Four at Four

  1. The Guardian reports the Number of Earth’s species known to scientists rises to 1.9 million, “according to the world’s most comprehensive catalogue of plants and animals. The new figure has been boosted by 114,000 new species discovered since the catalogue was last compiled by Australian researchers three years ago – a 6.3% increase.”

    The ‘Number of Living Species in the World’ report compiled ford the Australian government claims to be the world’s “only comprehensive catalogue of plants and animals in the world”. The report estimates the actual number of species on earth is closer to 11 million.

    Elsewhere, Wired reports Megafauna extinctions were not entirely humans’ fault. “Studies that have mostly blamed the arrival of humans for die-offs among Australia’s large mammals 50,000 years ago missed the role played by a changing climate, new research suggests.” The “long-term drop in diversity also appeared among small creatures, and the types of species that disappeared suggest climate change played a role”.

  2. Nature News reports China’s Three Gorges dam may be a methane menace. “Marshland created when China’s Three Gorges Reservoir is partially drained during the summer may be a significant source of the powerful greenhouse gas methane, researchers say.”

    “Scientists have become increasingly concerned about the greenhouse gases released by submerged grass and trees when land is flooded to create dams. When such organic matter decays, it releases methane and carbon dioxide, which contribute to global warming. Methane is particularly troublesome as it has more than 20 times the warming impact of CO2.”

    While in Canada, the Globe and Mail report that Researchers seek a ‘preheater’ for oil sands. As early as five years from now, Canadian and German researches plant to use geothermal energy in northeastern Alberta “as a sort of ‘preheater’ for major oil sands mines, which use 40-degree Celsius water to separate oil from sand.” Seven percent of Canada’s natural gas output is now used to heat the water and the demand is expected to “grow substantially”.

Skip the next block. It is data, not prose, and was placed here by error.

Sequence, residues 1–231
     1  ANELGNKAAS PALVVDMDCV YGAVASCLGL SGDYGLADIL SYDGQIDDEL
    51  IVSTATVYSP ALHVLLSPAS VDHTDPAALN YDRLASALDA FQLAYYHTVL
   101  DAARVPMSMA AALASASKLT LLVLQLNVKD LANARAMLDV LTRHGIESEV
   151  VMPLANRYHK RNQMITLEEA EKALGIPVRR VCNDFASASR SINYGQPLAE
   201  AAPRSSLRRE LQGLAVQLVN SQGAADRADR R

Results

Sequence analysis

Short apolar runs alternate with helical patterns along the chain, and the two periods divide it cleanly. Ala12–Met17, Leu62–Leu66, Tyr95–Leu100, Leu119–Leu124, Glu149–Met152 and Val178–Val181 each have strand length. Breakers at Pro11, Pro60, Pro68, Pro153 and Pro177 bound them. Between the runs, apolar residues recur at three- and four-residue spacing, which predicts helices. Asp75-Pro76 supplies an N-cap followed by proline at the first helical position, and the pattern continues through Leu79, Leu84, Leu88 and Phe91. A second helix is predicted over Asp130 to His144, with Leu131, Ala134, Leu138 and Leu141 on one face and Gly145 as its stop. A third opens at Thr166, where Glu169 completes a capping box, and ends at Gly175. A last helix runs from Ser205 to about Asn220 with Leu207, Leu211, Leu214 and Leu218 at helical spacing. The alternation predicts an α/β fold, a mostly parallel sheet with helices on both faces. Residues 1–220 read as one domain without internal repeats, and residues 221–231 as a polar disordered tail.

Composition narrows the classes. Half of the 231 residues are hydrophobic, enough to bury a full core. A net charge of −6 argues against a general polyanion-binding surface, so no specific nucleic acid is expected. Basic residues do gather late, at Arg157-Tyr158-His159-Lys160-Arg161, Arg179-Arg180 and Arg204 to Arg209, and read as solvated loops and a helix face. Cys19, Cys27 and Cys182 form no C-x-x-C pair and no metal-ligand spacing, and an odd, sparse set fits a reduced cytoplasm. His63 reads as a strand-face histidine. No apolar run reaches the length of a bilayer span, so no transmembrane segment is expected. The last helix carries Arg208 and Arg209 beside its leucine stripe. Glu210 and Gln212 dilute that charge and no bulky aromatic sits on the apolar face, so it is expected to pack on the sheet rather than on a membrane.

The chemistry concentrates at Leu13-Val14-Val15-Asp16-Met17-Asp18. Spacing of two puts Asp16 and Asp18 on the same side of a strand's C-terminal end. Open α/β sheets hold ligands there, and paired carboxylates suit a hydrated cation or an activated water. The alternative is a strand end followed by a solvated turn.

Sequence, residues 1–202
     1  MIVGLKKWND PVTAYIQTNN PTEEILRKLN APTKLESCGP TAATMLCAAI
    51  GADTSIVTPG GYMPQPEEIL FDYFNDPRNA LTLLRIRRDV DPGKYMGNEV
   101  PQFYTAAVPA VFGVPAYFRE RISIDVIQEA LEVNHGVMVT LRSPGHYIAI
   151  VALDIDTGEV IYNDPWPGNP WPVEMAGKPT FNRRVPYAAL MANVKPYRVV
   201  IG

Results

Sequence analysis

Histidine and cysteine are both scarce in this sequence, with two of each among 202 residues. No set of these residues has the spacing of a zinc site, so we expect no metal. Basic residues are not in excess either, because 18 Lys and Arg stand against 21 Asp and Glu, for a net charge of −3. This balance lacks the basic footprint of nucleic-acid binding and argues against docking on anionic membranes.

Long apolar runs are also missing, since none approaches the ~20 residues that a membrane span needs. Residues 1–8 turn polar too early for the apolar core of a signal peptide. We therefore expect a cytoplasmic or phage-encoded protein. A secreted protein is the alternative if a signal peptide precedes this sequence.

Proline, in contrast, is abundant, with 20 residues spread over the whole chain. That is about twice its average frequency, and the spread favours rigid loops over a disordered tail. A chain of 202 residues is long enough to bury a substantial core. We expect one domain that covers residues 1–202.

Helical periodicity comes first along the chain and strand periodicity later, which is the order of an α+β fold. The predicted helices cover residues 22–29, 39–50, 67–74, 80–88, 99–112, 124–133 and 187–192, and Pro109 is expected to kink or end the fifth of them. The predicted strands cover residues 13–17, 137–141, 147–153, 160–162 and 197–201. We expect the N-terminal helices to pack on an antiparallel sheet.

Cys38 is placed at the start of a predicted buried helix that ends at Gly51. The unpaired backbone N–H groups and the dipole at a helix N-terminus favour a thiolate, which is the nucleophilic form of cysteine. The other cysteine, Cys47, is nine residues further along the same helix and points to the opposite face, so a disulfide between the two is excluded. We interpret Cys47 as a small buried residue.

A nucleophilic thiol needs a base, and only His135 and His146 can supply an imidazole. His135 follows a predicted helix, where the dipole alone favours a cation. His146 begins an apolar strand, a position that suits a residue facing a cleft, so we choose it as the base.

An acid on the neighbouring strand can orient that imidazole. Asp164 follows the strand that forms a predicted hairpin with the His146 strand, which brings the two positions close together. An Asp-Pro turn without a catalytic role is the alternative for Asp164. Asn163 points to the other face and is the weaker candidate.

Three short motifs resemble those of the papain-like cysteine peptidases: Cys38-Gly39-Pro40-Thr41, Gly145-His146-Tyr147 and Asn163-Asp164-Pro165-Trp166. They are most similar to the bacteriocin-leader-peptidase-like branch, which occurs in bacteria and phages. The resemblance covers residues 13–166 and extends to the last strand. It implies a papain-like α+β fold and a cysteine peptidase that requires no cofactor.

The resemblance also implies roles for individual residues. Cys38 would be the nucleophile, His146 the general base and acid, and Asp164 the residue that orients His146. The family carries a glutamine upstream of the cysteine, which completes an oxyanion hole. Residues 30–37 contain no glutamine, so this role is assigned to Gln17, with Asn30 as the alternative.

3. The Guardian reports an Increase in sea levels due to global warming could lead to ‘ghost states’ “with governments in exile ruling over scattered citizens and land that has been abandoned to rising seas”.

    “As independent nations they receive certain rights and privileges that they will not want to lose. Instead they could become like ghost states,” said Francois Gemenne, of the Institute for Sustainable Development and International Relations. “Industrialised countries have a duty to provide adaptation funding to make sure the costs of migration do not have to be met by the countries where the migration will happen.”

    Nature News adds Climate change will hit developing world harvests the hardest. “Developing countries could see large drops in crop yields by 2050 if climate change is left unchecked, according to a US report, potentially leaving as many as 25 million more children malnourished compared to a world without global warming.”

    “The results show that southern Asia will be hit particularly hard by climate change, with some of the largest losses in crop production. In a worst-case scenario, the models show that farmers in this region could see a nearly 50% drop in wheat production by 2050 compared with potential production with no climate change.”

  4. The LA Times reports census data show falling income in the U.S. and the Percentage of people living in poverty has reached an 11-year high. “In 2008, the median household income in the United States plummeted 3.6% from the year before… In 2007 it was $52,163. A year later it dropped to $50,303, the lowest level since 1997. The nation’s poverty rate, meanwhile, rose to 13.2%, the highest level since 1997.”

    “The new data also cast a spotlight on the recession’s principal victims: children, minorities and those who weren’t born in the United States. The number of children younger than 18 living in poverty increased from 13.3 million in 2007 to 14.1 million in 2008, the census says, with minority children more likely to be poor. Last year, 34.7% of black children and 30.6% of Latino children lived below the poverty line, compared with 10.6% of white children.”

    Elsewhere, the Globe and Mail reports Deflation may be taking root in global economies. “Fuelled by continuing overcapacity, shrinking credit, reduced corporate spending and falling consumer demand, deflation is on the rise in its old stomping ground of Japan and taking root in the battered U.S. and European economies.”


  1. Toxic fumes from American burnpits gave him cancer, he believes

    Anthony Roles spent more than 12 years in the U.S. Air Force. But the veteran of Operation Iraqi Freedom had to hang up his uniform shortly after returning from Iraq. Now, after being diagnosed with a rare cancer and suffering a heart-attack at age 30, he is fighting for his life again. Mr. Roles, his wife and his doctors believe his life-threatening disease was caused by toxic fumes from burnpits being operated by the U.S militarys contractors in Iraq.

    More information is available at

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